Do Youth Sports Need to Be Fixed?

An article written in the USA Today entitled, Fixing Kids’ Sports: Why The Fun is Gone & The Players Are Quitting….What You Can Do, brought to light some very interesting pieces of information. Summarized by Richard Brunette, Recreation Supervisor for the City of Costa Mesa Recreation Division, they are:

· The drop out rate from children in youth sports is 70%

· Stress injuries among kids are at an all-time high

· That children are starting in sports way too early, even when experts say this has no correlation to kids becoming “stars” down the road. (In fact, it may have the opposite effect).

· That children are specializing in one sport much too early

· That 20-30% are playing on “elite” teams, even though only 2-5% actually have the skills to do so

· That children may be forced to play the same sport year-round, by the age of 10, for them to have any chance to play high school sports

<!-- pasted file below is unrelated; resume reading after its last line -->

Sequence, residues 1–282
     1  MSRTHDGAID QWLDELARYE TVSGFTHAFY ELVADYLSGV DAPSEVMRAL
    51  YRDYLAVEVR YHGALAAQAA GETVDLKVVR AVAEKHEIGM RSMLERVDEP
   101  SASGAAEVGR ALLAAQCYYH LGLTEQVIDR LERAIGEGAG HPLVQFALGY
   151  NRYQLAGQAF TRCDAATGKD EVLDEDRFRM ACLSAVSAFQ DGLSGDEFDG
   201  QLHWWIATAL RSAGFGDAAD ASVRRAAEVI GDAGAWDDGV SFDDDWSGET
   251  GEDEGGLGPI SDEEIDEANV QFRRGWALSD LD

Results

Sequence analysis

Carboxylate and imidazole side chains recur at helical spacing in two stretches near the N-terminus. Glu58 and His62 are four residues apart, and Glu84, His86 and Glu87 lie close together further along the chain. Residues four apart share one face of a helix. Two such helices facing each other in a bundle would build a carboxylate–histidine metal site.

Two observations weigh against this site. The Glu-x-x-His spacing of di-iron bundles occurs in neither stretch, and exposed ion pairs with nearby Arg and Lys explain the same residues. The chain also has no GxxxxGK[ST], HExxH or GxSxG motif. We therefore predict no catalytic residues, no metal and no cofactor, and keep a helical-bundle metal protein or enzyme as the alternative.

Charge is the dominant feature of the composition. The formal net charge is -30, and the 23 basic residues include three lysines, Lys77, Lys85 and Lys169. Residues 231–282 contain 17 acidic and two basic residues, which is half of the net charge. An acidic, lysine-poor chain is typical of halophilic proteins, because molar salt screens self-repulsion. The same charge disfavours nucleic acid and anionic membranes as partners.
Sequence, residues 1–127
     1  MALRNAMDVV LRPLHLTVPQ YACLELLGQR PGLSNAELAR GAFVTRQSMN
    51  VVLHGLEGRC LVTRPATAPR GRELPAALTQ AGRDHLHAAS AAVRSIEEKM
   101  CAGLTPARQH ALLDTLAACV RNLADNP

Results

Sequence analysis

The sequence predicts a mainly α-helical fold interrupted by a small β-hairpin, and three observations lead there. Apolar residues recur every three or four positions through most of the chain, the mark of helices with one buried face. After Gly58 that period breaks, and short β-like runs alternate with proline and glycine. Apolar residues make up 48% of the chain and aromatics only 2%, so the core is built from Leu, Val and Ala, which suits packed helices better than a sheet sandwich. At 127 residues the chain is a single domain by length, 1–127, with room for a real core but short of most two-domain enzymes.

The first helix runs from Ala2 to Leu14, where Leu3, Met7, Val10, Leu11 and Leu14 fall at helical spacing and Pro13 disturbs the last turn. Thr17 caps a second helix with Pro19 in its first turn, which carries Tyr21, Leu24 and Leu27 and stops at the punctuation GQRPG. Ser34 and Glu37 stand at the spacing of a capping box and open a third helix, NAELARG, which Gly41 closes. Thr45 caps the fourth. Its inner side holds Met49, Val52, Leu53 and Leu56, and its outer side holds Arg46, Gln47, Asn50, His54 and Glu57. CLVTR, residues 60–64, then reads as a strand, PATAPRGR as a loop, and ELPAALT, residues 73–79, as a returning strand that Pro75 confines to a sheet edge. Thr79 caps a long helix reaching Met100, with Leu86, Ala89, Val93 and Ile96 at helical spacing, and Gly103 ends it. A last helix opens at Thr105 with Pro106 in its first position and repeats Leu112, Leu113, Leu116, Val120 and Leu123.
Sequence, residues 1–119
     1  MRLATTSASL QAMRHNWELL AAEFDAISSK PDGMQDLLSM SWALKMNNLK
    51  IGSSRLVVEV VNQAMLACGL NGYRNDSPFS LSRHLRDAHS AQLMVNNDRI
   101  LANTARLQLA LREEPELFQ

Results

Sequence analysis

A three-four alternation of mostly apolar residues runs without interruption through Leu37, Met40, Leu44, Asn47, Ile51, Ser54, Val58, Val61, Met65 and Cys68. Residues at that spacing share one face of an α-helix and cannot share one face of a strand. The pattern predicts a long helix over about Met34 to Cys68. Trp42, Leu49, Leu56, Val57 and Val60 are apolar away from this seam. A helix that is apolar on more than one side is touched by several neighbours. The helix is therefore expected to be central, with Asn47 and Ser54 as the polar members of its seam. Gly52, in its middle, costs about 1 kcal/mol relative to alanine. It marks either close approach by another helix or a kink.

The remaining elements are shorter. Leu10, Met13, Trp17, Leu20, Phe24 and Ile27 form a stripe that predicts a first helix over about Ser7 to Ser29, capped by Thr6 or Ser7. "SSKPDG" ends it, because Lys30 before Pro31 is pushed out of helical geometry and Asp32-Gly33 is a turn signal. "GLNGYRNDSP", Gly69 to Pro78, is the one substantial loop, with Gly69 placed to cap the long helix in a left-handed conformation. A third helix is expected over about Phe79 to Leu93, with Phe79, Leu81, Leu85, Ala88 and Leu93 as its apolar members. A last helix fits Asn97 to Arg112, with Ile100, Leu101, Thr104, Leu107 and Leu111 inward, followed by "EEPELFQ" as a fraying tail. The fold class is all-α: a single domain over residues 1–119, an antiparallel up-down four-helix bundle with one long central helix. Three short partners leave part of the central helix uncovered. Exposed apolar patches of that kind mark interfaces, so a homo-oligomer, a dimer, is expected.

· That practicing sports to this extent, and playing more of it, will not necessarily equate to a successful athlete or “winning”

· That those kids who participate in a variety of sports – and specialize only after puberty – tend to be better players, have less injuries, and play the sport they choose to specialize in longer

· That many kids are pushed so hard when young, they tire of the sport by high school and quit

· That 44% of parents say their children dropped out of a sport because it made them unhappy

· That 56% of parents said if they could change one thing, they would want their coach to be less focused on winning

Many of us remember fondly playing three or more sports as kids growing up and believe that would be best for our kids too. But when other kids, who are competing with ours, are playing only one sport year-round, how can we not feel that maybe our children are falling behind if they switch from sport to sport? It is a very complicated issue and tough situation for parents of a young athletes. There is no easy answer except that, perhaps, when the parent is more invested and involved than the child, it may be time to take a step back and reassess.

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